Russia gave its clearest signal yet Monday that it plans to move fast to annex Crimea, defying U.S. and European threats of sanctions a day after a referendum in the breakaway Ukrainian region to secede passed handily.
The Moscow-backed leadership of Crimea wasted no time in formally asking to join Russia following the hastily called referendum in which 97% of voters supported becoming part of Russia.
“We will take care of our part quickly, quickly and responsibly,” Sergei Naryshkin, speaker of the lower house of Russia’s parliament, told reporters in response to the Crimean parliamentary vote, according to local news agencies.
Mr. Naryshkin’s comments came shortly after officials announced that Russian President Vladimir Putin will address a joint session of parliament Tuesday on the issue.
The Kremlin didn’t immediately specify what Mr. Putin’s message would be, but the official ITAR-Tass news agency said the address would cover “accepting Crimea into the Russian Federation.”
European diplomats gathered in Brussels to finalize sanctions aimed at deterring Moscow from annexing Crimea, a move the U.S. and Europe argue is illegal and illegitimate. Diplomats said those sanctions are likely to be limited to a small number of Russian and Crimean officials, however.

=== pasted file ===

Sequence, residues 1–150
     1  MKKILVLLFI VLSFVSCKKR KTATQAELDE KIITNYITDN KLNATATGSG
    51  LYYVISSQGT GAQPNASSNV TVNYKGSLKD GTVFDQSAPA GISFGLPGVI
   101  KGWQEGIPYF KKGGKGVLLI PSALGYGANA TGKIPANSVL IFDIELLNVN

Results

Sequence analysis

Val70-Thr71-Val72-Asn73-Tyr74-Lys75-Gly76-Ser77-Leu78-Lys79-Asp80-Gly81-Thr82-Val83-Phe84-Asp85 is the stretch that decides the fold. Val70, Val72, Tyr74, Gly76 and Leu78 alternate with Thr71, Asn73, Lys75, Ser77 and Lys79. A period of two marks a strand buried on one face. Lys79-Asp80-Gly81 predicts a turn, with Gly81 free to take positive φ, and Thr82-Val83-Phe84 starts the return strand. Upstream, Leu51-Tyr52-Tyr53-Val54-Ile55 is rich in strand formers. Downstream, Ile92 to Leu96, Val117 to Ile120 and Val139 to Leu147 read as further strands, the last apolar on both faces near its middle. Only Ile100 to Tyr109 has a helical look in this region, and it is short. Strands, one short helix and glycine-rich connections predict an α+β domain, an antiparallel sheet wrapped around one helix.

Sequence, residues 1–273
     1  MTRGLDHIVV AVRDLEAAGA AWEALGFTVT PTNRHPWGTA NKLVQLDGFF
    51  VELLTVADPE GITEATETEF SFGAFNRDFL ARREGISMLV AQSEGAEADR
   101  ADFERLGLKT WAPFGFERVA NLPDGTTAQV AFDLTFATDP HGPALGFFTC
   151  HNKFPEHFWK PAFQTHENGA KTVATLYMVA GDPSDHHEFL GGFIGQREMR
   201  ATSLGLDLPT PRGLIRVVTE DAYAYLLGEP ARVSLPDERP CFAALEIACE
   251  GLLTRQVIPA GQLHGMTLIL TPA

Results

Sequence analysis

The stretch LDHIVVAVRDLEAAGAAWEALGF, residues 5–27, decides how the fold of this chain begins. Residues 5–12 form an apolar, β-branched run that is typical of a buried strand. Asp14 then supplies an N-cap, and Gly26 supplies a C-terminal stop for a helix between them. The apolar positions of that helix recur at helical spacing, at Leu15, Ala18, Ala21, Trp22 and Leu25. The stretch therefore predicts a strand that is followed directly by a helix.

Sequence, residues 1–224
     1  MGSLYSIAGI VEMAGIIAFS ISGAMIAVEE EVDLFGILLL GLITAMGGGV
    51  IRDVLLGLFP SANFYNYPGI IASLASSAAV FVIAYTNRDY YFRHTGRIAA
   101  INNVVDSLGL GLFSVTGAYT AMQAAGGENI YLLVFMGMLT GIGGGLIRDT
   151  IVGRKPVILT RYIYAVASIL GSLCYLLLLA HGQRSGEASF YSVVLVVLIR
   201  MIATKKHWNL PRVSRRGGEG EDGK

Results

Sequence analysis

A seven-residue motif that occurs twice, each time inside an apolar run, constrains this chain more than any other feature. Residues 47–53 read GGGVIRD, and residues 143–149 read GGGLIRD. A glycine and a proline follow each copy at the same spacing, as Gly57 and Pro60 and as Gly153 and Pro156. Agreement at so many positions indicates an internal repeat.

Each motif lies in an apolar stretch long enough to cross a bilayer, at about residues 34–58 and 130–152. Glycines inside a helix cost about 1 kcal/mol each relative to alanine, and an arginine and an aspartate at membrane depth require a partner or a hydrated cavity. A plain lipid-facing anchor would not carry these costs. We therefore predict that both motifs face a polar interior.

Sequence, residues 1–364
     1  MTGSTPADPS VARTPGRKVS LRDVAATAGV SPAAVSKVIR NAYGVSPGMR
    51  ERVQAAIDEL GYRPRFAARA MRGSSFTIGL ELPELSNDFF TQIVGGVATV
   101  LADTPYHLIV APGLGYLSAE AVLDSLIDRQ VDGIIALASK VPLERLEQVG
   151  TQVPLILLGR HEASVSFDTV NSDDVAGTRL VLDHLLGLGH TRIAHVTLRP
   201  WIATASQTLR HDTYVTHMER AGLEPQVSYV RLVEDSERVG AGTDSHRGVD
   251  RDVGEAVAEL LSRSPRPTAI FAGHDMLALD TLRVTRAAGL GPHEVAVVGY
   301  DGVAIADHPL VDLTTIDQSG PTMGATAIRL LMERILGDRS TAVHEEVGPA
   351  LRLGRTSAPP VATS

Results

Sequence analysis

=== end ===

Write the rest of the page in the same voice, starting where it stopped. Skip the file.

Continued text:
The new government in Crimea didn’t even wait for formal acceptance from Moscow before saying it would adopt the Russian ruble and shift the region’s clocks two hours ahead to match Moscow time.
In Kiev, Ukrainian Defense Minister Ihor Tenyukh showed no signs of going along with the process, telling reporters that authorities had agreed to a “truce” with Crimean leaders until Mar. 21 around the Ukrainian bases on the peninsula.
“Our servicemen remain in Crimea and are not going anywhere. Crimea is and will be Ukrainian,” he said.
Ukraine and Russia have been at odds since the ouster of President Viktor Yanukovych ushered in an opposition, pro-Western government. Russia has insisted it has the right to protect Russian speakers, many of whom live in the southern and eastern parts of the country.
Also Monday, Russia’s Foreign Ministry released Monday what it said were its basic proposals for resolving the crisis.
They included a guarantee backed by the United Nations Security Council of Ukraine’s status as a neutral country, as well as a constitutional assembly that would rewrite the document to give regions greater autonomy, including in foreign policy, and also formalize Russian as a second official language alongside Ukrainian. The proposal also called for respecting the results of Sunday’s vote in Crimea.